Although the gender gap in science fields has narrowed somewhat over the past three decades, the reasons behind it may be too entrenched to close it entirely unless schools change their teaching approach, experts say.
“The principles on which schools are based conflict with collaborative learning,” states Angela Calabrese Barton, an associate professor at Teacher’s College in New York City who has studied gender differences in science education. “We have to find new ways to assess student achievement.”
Studies indicate that girls score as well as boys in science and math from primary school through middle school. But in high school, their interest in the subjects appears to decline sharply as something of a syndrome develops, where girls who find the science and math classroom environments more daunting begin drifting away, leaving those girls still in these classrooms with fewer female friends to share their interest.
Social Shifts at Critical Juncture
As girls move away from math and science, they shift the social center of their peer group away as well. Middle school “is the beginning of tracking based on literacy and math ability,” says Barton. “Peer groups and social support networks are important to girls of this age. It’s easy for girls not to move into a science track because their friends are not.”
By college, the gap between the sexes is substantial. The American Association of University Women in Washington, D.C., reports that women receive only 28 percent of the computer science bachelor’s degrees awarded in the United States and just 18 percent of the engineering degrees. In physics, women account for only 20 percent of the bachelor’s degrees and 12 percent of the doctorates.
In Rufus King Park, however, the Queens trio is on relatively safe ground. As a result of their work, they know more about the 11-acre rectangle of open space than just about anyone else in New York City–and they are in the process of making it their stepping stone toward college majors or careers in science.
Their project involves studying and augmenting the park’s biodiversity and, at the same time, raising public awareness of the need to keep the neighborhood’s largest open area clean.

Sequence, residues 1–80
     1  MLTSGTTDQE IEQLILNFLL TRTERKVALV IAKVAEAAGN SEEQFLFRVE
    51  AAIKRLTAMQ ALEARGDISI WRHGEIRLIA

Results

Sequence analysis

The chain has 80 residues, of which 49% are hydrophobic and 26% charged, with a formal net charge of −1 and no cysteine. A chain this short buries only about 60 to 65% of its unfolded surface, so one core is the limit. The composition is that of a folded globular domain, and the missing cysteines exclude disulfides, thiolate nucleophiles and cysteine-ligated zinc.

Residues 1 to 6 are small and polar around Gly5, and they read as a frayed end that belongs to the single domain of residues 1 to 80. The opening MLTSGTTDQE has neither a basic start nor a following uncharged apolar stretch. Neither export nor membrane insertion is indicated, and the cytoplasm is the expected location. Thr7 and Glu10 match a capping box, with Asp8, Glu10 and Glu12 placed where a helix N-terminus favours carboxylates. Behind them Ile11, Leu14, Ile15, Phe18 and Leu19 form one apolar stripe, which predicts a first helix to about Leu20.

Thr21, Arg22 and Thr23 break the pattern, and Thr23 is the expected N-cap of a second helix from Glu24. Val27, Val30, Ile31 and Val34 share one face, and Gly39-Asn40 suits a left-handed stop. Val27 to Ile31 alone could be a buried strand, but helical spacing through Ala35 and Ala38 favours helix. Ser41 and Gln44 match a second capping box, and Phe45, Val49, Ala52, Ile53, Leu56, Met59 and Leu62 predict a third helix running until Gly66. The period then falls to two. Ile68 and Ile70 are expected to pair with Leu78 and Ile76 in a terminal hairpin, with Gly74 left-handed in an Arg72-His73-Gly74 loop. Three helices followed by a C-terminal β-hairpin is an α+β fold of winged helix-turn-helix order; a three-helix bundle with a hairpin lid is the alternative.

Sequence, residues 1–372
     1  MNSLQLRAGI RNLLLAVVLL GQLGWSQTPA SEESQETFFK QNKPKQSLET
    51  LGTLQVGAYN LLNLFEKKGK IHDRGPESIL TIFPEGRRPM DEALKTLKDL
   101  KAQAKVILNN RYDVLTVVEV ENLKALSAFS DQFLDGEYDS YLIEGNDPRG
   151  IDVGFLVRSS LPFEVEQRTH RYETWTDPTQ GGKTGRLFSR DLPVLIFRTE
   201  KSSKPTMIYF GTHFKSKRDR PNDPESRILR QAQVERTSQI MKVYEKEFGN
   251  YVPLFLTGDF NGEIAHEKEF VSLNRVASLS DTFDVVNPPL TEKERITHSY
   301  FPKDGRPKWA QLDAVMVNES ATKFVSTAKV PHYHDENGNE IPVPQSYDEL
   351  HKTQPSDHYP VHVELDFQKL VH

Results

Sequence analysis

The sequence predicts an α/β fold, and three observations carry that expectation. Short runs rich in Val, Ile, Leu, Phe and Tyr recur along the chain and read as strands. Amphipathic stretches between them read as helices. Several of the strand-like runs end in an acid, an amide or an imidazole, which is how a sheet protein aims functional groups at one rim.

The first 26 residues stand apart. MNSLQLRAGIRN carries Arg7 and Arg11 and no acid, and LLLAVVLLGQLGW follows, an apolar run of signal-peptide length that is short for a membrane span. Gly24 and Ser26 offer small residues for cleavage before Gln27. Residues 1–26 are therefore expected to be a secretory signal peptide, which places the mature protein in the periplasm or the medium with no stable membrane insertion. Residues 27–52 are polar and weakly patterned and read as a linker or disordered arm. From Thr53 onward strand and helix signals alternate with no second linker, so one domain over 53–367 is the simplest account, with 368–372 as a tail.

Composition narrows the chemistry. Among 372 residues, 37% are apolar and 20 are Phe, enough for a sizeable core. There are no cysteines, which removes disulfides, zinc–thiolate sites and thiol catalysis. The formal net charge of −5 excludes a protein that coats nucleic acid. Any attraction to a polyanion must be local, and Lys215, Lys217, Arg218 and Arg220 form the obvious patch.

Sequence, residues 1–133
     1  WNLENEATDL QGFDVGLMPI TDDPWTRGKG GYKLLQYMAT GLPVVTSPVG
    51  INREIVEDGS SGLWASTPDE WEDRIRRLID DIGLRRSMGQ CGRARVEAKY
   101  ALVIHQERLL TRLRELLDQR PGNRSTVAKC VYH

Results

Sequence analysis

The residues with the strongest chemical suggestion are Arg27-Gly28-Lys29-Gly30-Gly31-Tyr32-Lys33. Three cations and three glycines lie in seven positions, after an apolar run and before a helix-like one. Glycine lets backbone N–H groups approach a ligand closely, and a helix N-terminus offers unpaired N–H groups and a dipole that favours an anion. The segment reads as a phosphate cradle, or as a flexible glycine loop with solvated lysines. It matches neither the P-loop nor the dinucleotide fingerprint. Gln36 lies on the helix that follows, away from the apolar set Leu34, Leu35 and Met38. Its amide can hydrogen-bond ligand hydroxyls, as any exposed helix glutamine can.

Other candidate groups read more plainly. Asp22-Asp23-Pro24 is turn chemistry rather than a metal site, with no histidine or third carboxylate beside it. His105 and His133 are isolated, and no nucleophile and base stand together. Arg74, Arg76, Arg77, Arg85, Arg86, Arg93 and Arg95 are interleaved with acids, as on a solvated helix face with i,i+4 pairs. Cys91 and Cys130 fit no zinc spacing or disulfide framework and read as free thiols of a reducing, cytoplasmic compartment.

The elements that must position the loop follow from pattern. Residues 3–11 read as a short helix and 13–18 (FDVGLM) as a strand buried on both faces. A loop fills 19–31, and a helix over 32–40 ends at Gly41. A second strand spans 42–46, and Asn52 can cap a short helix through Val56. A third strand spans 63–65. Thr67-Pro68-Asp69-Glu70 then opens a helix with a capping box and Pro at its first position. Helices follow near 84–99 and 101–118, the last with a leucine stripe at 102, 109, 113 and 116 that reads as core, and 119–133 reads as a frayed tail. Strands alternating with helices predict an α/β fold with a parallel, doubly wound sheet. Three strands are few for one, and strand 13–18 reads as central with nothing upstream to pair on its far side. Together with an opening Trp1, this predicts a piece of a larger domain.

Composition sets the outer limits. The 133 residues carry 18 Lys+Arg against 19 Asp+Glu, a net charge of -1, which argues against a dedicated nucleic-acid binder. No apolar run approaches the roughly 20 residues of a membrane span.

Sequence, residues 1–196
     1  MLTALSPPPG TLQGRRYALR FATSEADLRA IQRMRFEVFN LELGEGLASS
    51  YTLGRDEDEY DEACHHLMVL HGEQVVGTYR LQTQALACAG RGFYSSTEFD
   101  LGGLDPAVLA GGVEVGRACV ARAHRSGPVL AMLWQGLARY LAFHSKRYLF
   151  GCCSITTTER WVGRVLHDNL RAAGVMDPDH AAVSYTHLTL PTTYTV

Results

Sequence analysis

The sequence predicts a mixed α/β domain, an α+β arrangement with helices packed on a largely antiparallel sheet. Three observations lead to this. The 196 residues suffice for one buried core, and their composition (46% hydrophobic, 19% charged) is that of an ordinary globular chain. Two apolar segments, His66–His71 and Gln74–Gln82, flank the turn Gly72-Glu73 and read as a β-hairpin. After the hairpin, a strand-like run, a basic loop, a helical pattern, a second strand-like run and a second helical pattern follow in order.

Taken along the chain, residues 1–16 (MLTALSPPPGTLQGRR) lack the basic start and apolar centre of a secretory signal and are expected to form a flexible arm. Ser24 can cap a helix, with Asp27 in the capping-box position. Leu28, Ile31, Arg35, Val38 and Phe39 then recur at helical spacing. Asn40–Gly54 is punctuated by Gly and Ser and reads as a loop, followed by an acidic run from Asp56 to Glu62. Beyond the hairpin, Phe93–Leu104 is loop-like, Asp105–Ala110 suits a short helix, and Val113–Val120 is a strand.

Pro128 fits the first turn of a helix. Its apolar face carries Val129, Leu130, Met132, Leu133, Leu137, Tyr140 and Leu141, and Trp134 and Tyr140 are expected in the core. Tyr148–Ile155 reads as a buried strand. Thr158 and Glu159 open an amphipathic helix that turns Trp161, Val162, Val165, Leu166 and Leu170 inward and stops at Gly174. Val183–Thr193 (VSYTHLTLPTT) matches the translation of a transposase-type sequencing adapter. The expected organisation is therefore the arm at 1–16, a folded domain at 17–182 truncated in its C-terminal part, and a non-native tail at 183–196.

Switching from Trees to Butterflies
Initially they planned to augment the park’s plant biodiversity. But when they surveyed the park they got a bit of a surprise. They found nearly 30 species of trees–a legacy of Rufus King, the park’s namesake, a framer of the Constitution and a noted 18th century plant biologist.
“One of our goals was to increase biodiversity,” says Mignat John, “but we found we already had a lot of biodiversity.” So the girls decided to plant a butterfly garden and increase the park’s diversity of insect species. Now they are busy digging up weedy, invasive plants–which crowd out more desirable native plants–and putting in flowering shrubs and bulbs ahead of the first frost.
All three of the girls admit they find science interesting, if not easy.
Rebecca Lamour says she is having some difficulty staying motivated this year, because the topics seem to be taught in a disjointed, unconnected way. Brushing the dirt from her hands she stops to consider what she has learned in the relatively new school year and how interested she will remain in a field and a system where the odds are somewhat stacked against her.
“Hopefully when we get to ecology it will bring everything together,” she says and then turns back to her work.
Ken Kostel is a free-lance writer in New York specializing in science and the environment. He enjoyed science classes in high school and apologizes to former classmates if he dominated discussion.